April 28th, 2011
11:24 AM ET
WASHINGTON (CNN) Federal emergency management officials including FEMA administrator Craig Fugate will travel Thursday toAlabama, one of the most severely hit areas, after a series of devastating tornadoes killed more than 200 people in six states this week. More than two thousand National Guard troops are already on the ground assistingAlabamafirst responders in the search and rescue effort.
President Barack Obama Wednesday night declared a state of emergency inAlabamaafter tornadoes there killed at least 131 people. The president and Homeland Security Secretary Janet Napolitano called Alabama Governor Robert Bentley Wednesday night and the president issued this statement, "[I] told him that I have ordered the Federal Government to move quickly in our response and informed him that I approved his request for emergency Federal assistance, including search and rescue assets. While we may not know the extent of the damage for days, we will continue to monitor these severe storms across the country and stand ready to continue to help the people ofAlabamaand all citizens affected by these storms."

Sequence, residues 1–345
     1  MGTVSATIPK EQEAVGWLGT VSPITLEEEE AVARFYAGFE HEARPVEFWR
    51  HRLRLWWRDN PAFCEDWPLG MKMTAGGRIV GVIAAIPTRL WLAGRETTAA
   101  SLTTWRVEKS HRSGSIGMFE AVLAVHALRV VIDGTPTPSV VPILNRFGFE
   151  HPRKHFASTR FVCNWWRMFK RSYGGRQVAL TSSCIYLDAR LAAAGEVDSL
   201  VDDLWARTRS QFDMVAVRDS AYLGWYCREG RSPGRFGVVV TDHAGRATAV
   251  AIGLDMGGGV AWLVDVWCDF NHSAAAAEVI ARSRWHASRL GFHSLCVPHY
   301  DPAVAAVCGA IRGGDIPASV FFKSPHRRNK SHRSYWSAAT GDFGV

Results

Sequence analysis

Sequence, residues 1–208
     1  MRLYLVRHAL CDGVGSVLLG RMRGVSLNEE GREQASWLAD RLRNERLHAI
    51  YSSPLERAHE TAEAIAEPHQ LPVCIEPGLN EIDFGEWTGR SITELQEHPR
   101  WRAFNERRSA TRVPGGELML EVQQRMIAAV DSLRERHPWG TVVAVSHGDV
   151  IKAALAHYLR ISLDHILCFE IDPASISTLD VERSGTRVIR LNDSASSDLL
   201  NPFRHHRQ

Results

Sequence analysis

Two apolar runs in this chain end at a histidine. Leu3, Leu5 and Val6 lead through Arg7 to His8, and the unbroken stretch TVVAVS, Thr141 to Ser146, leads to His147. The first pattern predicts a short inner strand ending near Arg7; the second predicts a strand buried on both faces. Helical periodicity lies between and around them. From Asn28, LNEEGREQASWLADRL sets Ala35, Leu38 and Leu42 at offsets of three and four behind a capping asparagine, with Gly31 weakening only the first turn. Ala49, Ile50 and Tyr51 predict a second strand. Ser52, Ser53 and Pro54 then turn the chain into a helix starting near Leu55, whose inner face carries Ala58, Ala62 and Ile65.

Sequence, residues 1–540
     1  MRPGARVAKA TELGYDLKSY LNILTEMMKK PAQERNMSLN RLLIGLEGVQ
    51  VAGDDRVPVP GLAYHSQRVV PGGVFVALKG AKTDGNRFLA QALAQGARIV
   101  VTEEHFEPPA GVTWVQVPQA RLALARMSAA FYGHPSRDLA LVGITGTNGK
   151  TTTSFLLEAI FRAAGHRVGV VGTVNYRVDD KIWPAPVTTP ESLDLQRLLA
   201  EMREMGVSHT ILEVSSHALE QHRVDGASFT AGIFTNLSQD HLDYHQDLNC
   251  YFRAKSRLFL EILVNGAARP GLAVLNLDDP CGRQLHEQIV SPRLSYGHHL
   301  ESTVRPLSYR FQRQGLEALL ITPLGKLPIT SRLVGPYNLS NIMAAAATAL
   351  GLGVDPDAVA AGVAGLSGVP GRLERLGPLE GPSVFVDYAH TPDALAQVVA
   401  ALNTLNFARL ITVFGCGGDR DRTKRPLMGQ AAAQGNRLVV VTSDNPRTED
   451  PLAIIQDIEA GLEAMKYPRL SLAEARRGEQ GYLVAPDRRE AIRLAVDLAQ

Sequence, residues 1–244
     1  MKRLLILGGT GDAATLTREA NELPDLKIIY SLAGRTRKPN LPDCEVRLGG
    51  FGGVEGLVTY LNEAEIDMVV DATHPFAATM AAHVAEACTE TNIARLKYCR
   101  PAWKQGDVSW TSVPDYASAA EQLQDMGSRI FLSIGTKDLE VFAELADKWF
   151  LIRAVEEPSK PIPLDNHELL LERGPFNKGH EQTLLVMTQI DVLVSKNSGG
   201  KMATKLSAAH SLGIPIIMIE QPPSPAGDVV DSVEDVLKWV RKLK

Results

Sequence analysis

Thursday in a conference call with reporters, Governor Bentley said the immediate focus is on search and rescue efforts and the National Guard is working with his state's first responders "using all available ground and air assets" to search for survivors. The governor said he is certain the death toll, currently at 131, will rise since so many people are still missing. He insisted the high death toll and the massive destruction especially in theTuscaloosaarea was not due to unpreparedness or people ignoring weather warnings.
"(W)hen it hits a largely populated area likeTuscaloosayou just cannot move thousands of people in minutes." The governor said the tornadoes were severe and could end up being categorized as F-4 or F-5 on the National Weather Services Fujita scale which means winds could have reached up to 300 miles an hour. Up to a million people are without power in that state. Thursday, the governor will ask the president to declare an "expedited major disaster request" to allow even more federal resources to be deployed.
The tornadoes are just the latest in a series of natural disasters FEMA is confronting, including fires inTexas, tornados in multiple states and flooding. But FEMA administrator Fugate said the agency is prepared to respond. "(We) do have to be prepared for concurrent multiple disasters occurring in this country," he said.
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